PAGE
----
How to Deal with a Difficult Boss
People don’t quit because they don’t like their job, they quit because they don’t like their manager. A difficult boss causes friction and tension in the team causing you to think that there’s only one way out.
This is especially true in sales and marketing where having a difficult boss can affect your performance. When you’ve got quantifiable KPI’s that can be affected by a difficult boss, you have the extra burden that you could get in trouble for their poor management.
As a Sales and Marketing Manager, I’ve had good bosses and you guessed it, difficult bosses. For me, there are two main categories of difficult bosses, “the bad manager” and “the incompetent manager”. One is just ill-equipped to lead people and one just doesn’t have any sales or marketing experience and can’t understand the day to day activities let alone the high-level strategy.
My last boss was in the latter camp, with plenty of management and leadership experience but hadn’t spent a single day working in sales or marketing. You would hope that they would defer to the experts on matters they didn’t understand right? Well, the dangerous aspect to the incompetent manager is that they will try to protect their image, the last thing they need is the CEO finding out that all their good ideas aren’t theirs. Here are some methods I’ve found to successfully deal with a difficult boss.
Make Sure They Are a Difficult Boss
1. Taking a step back
Whilst you might have strong feelings about your boss already, it’s crucial to take a step back, assess the situation objectively before you try to fix anything, you need to figure out what is broken.
Ask yourself, “what makes them a difficult boss?” and write it down. I’ve even written a Pro’s and Con’s list about past bosses. This is important because you’re not going to fix anything with the relationship if you can’t articulate what it is you’re finding difficult to deal with. Try to be as objective as you can, removing emotion from the equation, list work-related things such as; “they didn’t give credit for an idea” or “they set unrealistic expectations for a project” etc. Keep it factual.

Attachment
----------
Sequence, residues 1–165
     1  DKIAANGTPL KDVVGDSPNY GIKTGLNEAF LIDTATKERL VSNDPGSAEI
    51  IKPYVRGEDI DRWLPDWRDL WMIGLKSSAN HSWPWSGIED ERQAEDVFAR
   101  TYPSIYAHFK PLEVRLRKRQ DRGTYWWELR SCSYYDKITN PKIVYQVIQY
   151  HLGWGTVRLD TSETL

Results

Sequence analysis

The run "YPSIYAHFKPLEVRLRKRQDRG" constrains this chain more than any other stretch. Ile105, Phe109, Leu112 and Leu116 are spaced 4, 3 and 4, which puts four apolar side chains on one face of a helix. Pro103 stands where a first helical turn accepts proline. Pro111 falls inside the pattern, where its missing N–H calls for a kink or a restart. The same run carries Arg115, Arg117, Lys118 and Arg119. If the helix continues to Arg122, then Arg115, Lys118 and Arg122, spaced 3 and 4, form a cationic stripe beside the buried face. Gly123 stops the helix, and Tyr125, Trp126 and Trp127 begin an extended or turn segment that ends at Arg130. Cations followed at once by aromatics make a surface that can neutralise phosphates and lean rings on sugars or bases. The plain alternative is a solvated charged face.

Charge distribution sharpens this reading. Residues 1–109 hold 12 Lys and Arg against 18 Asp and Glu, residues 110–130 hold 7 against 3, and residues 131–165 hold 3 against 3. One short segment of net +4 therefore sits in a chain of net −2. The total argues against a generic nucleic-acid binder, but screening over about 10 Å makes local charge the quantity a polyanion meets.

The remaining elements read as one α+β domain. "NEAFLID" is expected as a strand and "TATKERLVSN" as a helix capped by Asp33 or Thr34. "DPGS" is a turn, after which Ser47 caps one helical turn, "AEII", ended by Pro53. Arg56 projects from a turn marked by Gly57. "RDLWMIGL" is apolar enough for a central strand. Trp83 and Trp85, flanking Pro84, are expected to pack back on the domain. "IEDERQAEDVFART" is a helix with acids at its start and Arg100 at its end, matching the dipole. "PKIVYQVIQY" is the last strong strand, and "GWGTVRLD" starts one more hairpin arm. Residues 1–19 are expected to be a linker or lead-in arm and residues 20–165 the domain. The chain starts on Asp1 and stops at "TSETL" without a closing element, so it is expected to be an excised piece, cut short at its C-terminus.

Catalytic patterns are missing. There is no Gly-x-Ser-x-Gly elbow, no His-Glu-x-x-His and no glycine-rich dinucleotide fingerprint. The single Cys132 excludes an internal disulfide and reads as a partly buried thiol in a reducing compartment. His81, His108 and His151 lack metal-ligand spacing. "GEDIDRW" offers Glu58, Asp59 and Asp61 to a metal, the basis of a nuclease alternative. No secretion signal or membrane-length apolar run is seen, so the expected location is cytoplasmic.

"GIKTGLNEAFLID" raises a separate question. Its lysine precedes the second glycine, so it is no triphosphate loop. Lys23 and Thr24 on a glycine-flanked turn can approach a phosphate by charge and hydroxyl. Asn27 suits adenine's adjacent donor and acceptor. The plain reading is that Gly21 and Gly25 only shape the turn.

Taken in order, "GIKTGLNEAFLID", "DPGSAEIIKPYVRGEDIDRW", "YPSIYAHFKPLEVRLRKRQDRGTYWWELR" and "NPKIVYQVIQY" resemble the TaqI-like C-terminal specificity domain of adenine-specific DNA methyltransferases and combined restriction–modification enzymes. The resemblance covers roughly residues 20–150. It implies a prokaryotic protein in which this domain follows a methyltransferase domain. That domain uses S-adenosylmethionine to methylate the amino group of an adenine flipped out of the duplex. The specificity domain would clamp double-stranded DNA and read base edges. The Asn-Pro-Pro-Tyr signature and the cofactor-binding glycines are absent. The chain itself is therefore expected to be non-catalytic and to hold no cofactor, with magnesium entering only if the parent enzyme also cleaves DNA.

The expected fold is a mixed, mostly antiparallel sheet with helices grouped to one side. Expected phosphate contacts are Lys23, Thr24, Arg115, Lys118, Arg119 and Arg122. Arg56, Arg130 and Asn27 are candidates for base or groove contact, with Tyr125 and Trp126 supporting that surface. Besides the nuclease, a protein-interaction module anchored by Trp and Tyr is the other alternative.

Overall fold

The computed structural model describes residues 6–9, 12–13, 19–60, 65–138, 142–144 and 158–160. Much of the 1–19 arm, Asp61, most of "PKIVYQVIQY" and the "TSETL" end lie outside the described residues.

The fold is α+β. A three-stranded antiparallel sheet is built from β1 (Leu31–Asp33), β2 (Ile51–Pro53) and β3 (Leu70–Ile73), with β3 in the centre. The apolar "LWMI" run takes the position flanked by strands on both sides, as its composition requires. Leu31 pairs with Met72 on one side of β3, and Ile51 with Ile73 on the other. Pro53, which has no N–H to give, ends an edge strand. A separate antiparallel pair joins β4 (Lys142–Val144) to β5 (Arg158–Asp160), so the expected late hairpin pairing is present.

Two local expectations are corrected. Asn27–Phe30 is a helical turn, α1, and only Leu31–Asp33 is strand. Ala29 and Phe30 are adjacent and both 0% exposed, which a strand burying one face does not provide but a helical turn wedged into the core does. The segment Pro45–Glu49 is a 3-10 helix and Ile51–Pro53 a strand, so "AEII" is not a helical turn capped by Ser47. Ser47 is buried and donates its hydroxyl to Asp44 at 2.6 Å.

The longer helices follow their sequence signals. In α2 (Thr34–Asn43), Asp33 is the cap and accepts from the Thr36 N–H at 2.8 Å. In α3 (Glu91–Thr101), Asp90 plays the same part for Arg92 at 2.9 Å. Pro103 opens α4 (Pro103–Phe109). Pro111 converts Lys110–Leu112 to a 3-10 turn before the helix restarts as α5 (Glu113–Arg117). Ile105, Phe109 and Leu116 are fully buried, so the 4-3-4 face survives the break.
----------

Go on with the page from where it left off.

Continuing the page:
2. Seeing things from their perspective
Once you have a list of ‘bad behaviours’, for each item, try to give them the benefit of the doubt, what is the most empathetic reason you can come up with to excuse that behaviour. This seems a bit extreme but it will help you shape your opinion and should help remove any unconscious bias you have towards them.
It might be that they criticised you in front of your team, which is unprofessional, but you know the CEO is on their back about meeting budget so perhaps they’re just under a lot of pressure. It sounds like a long-winded way out of working through these issues but if you think there might be some truth to your most empathetic excuse, perhaps you really should give them the benefit of the doubt and try to move past it.
Alternatively, if you really don’t believe there’s any justifiable reason for their behaviour then there are a few things you can do to move things forward.
1. Taking responsibility for your actions
It is a two-way street, nothing happens in a vacuum and odds are, you don’t know their exact thoughts and motivations. So before raising any concerns, just ask yourself “what could I do differently to reduce the friction?”.
This isn’t about letting them off the hook but if you haven’t made any effort to meet them in the middle then they might not be too receptive to take some constructive feedback.